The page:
Indeed, one of Phyllis’s proudest achievements was that she taught her children how to read at home, which she did for all six of them in the 1950s and 1960s. This was decades before the homeschooling movement blossomed as an expansion on the same concept.
Recently some have called Phyllis the “Iron Lady,” but that term fails to capture the enormous good humor and charm that she always had in the face of intense hostility. Some of you may have had the benefit of attending one of her debates or presentations, where she would invariably withstand a hostile opponent or audience with remarkable grace.
Phyllis attended Republican National Conventions over a span of 64 years, from 1952 to 2016, and the party platform now embraces her positions on everything from building a wall, to being strongly pro-life, to attaining military superiority – which were all positions that she staked out decades ago.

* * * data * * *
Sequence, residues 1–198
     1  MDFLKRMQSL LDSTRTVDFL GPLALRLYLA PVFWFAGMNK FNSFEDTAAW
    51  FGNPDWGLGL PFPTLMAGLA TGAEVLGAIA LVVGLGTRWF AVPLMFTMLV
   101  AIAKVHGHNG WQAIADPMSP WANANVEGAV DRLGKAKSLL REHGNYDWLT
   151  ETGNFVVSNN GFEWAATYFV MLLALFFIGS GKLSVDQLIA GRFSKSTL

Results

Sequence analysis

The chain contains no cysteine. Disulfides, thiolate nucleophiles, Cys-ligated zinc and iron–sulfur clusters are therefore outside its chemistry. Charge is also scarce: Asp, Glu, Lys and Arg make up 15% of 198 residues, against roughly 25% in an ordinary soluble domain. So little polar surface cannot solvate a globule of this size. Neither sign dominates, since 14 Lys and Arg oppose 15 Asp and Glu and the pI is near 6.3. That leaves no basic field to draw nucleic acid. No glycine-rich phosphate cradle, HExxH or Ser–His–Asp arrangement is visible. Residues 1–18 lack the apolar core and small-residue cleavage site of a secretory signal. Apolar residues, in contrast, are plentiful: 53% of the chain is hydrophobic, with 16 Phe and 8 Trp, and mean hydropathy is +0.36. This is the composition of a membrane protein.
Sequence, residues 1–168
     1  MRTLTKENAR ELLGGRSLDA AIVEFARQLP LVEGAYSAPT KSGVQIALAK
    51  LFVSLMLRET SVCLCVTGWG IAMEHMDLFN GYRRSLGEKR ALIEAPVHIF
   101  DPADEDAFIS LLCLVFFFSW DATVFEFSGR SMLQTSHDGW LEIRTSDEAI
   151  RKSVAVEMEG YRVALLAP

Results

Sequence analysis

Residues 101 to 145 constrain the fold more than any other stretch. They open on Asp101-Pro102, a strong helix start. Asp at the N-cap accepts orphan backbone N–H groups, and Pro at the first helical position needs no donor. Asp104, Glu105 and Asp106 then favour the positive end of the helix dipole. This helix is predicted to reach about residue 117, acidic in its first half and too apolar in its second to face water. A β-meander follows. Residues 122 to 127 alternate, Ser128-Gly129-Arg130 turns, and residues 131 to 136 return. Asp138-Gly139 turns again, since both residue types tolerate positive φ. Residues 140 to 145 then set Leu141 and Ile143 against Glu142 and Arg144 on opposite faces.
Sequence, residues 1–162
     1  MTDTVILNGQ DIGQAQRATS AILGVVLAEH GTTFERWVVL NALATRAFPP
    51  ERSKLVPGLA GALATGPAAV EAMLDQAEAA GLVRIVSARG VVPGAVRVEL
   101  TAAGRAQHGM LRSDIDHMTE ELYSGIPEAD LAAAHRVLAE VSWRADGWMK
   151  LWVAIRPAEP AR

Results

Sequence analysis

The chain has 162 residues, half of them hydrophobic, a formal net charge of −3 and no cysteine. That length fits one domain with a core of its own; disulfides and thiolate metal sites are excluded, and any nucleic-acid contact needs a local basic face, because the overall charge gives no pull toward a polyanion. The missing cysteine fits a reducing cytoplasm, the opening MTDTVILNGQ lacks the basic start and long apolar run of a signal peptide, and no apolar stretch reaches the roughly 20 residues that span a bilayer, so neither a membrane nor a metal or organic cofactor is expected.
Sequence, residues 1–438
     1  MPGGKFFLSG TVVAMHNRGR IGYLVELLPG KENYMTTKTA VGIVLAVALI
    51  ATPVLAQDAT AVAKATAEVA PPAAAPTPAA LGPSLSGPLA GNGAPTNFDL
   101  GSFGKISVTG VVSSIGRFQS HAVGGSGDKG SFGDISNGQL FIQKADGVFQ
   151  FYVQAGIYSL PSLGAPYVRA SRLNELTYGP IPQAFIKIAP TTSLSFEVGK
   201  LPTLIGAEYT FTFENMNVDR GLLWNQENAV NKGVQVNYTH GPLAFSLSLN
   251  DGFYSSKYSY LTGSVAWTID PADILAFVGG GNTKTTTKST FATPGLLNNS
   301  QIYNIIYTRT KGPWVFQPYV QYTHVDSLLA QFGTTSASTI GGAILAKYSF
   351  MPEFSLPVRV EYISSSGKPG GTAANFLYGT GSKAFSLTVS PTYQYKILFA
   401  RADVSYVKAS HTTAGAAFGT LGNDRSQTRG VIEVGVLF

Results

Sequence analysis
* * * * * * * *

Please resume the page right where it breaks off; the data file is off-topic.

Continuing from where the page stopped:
Her funeral Mass on September 10 was held at the Cathedral Basilica in St. Louis, the same place where Phyllis was married in 1949 to Fred Schlafly, a blissful union that lasted until his death in 1993. But far from slowing down as a widow, Phyllis continued her work for another 23 years by both building on her prior efforts and expanding into new topics.
William Shakespeare left this world with a legacy in playwriting that took generations to admire fully. Phyllis Schlafly produced more during her lifetime than the rest of us could keep up with, and it may take us decades simply to realize all the good work accomplished by Phyllis Schlafly, our "conservative hero" and titan of American politics.
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